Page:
The commons, all the creations of nature and society we inherit together and hold in trust for future generations, are under siege. Our current version of capitalism--the corporate, globalized version 2.0--is rapidly squandering this shared heritage. It is driving us headlong into social, economic, and environmental collapse. From Social Security privatization to deregulation of the airwaves and global warming, the threats to the commons often seem insurmountable. Peter Barnes has an answer: it's time to "upgrade" capitalism by reclaiming the commons.
Barnes shows that the market, like a computer, is run by an operating system, one that inherently gives the "right of way" to profit-maximizing corporations who redistribute their profits to only a sliver of the population. And governments--theoretically set up to preserve the commons and police the corporations--are inadequately designed, often facilitating the depletion of the commons.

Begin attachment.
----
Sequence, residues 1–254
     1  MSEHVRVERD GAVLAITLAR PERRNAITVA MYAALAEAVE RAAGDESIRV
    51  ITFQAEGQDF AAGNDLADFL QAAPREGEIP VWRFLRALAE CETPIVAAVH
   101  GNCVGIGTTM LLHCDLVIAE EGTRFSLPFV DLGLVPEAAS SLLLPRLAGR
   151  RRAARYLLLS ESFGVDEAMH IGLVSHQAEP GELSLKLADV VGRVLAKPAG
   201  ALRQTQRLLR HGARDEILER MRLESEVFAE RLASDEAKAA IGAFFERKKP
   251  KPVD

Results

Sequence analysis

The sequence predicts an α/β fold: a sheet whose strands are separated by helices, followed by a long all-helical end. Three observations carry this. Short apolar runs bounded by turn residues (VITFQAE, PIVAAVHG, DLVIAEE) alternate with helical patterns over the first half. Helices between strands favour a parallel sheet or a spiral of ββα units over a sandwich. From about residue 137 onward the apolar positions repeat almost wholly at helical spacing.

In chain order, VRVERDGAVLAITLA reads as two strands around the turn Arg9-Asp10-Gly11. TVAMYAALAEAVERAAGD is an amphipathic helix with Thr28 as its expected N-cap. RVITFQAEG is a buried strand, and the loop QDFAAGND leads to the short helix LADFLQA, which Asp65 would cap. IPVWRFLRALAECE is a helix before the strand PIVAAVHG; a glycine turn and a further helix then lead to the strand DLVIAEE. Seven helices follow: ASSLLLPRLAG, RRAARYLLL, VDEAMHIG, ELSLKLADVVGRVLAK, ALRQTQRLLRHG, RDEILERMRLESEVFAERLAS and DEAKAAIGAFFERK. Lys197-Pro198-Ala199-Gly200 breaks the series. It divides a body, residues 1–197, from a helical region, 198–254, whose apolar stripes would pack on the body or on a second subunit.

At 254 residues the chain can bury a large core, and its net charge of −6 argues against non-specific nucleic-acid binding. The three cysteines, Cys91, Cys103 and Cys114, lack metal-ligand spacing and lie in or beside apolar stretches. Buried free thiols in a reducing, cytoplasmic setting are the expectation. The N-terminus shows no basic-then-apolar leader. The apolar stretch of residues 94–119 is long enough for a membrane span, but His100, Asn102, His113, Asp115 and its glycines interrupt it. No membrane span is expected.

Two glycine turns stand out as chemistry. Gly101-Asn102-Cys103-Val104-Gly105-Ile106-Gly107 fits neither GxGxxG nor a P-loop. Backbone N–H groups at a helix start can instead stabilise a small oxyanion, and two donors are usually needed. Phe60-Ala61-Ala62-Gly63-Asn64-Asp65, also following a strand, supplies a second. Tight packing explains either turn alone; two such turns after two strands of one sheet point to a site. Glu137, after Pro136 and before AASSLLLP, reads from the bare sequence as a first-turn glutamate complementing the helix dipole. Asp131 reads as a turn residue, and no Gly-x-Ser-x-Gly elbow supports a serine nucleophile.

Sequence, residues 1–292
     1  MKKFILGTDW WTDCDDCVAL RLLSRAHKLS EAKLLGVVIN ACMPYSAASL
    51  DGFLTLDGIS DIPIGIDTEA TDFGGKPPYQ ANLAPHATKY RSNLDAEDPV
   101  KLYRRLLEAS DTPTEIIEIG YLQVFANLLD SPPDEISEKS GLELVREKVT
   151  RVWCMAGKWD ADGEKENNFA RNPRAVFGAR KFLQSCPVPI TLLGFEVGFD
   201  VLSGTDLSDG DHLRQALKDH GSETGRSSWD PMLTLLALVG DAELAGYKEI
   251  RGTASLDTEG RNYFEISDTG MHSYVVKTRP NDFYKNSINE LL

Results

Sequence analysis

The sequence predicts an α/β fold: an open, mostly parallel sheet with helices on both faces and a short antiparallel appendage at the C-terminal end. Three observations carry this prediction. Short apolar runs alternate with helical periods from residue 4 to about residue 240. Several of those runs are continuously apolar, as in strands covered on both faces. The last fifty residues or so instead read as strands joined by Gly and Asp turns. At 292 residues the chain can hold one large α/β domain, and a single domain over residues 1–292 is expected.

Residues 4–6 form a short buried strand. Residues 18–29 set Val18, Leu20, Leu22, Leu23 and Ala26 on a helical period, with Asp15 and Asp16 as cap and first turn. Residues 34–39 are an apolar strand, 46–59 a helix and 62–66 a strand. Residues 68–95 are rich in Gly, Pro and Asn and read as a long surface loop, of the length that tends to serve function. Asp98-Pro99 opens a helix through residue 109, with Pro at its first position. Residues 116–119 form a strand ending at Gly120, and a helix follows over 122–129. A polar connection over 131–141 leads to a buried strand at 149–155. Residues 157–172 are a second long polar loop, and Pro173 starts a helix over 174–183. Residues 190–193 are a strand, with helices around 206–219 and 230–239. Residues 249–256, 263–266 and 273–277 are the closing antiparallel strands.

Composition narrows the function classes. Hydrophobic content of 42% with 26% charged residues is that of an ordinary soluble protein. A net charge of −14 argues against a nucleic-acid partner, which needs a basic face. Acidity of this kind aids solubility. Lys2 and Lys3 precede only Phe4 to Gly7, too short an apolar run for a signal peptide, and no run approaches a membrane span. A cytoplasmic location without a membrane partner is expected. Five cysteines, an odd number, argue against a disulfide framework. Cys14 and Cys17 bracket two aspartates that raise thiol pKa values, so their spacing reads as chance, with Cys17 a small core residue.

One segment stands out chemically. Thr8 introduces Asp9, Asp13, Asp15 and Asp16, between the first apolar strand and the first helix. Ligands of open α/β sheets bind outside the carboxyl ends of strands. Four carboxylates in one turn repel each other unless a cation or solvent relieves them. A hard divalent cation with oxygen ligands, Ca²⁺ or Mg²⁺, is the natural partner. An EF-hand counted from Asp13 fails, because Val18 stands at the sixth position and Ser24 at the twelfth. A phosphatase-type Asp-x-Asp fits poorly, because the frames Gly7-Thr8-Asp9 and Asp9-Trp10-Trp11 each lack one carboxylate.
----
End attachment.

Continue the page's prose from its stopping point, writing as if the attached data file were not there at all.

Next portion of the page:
Barnes proposes an alternative to our current self-destructive path: Capitalism 3.0, an update that includes innovative features to protect the commons while preserving the basic processes that have made capitalism such an effective economic operating system. Capitalism 3.0's major breakthrough is the addition of an asset-preserving trust, a market-based legal entity, neither privately owned nor government run, which would set limits on our depletion of the commons and pay dividends to all of us, the collective owners of the commons.
Just as residents of Alaska currently receive dividends from state oil wealth, a trust model for the commons institutionalizes the contract between generations and between humans and nature. Through the responsible employment of markets and property rights, this new version of capitalism would preserve the principal for the future while paying dividends to today's trustees.
Capitalism 3.0 offers viable solutions to some of our most pressing economic, environmental, and social concerns. It is a remarkable look at the future of our economy, a future in which we can retain capitalism's virtues while mitigating its vices.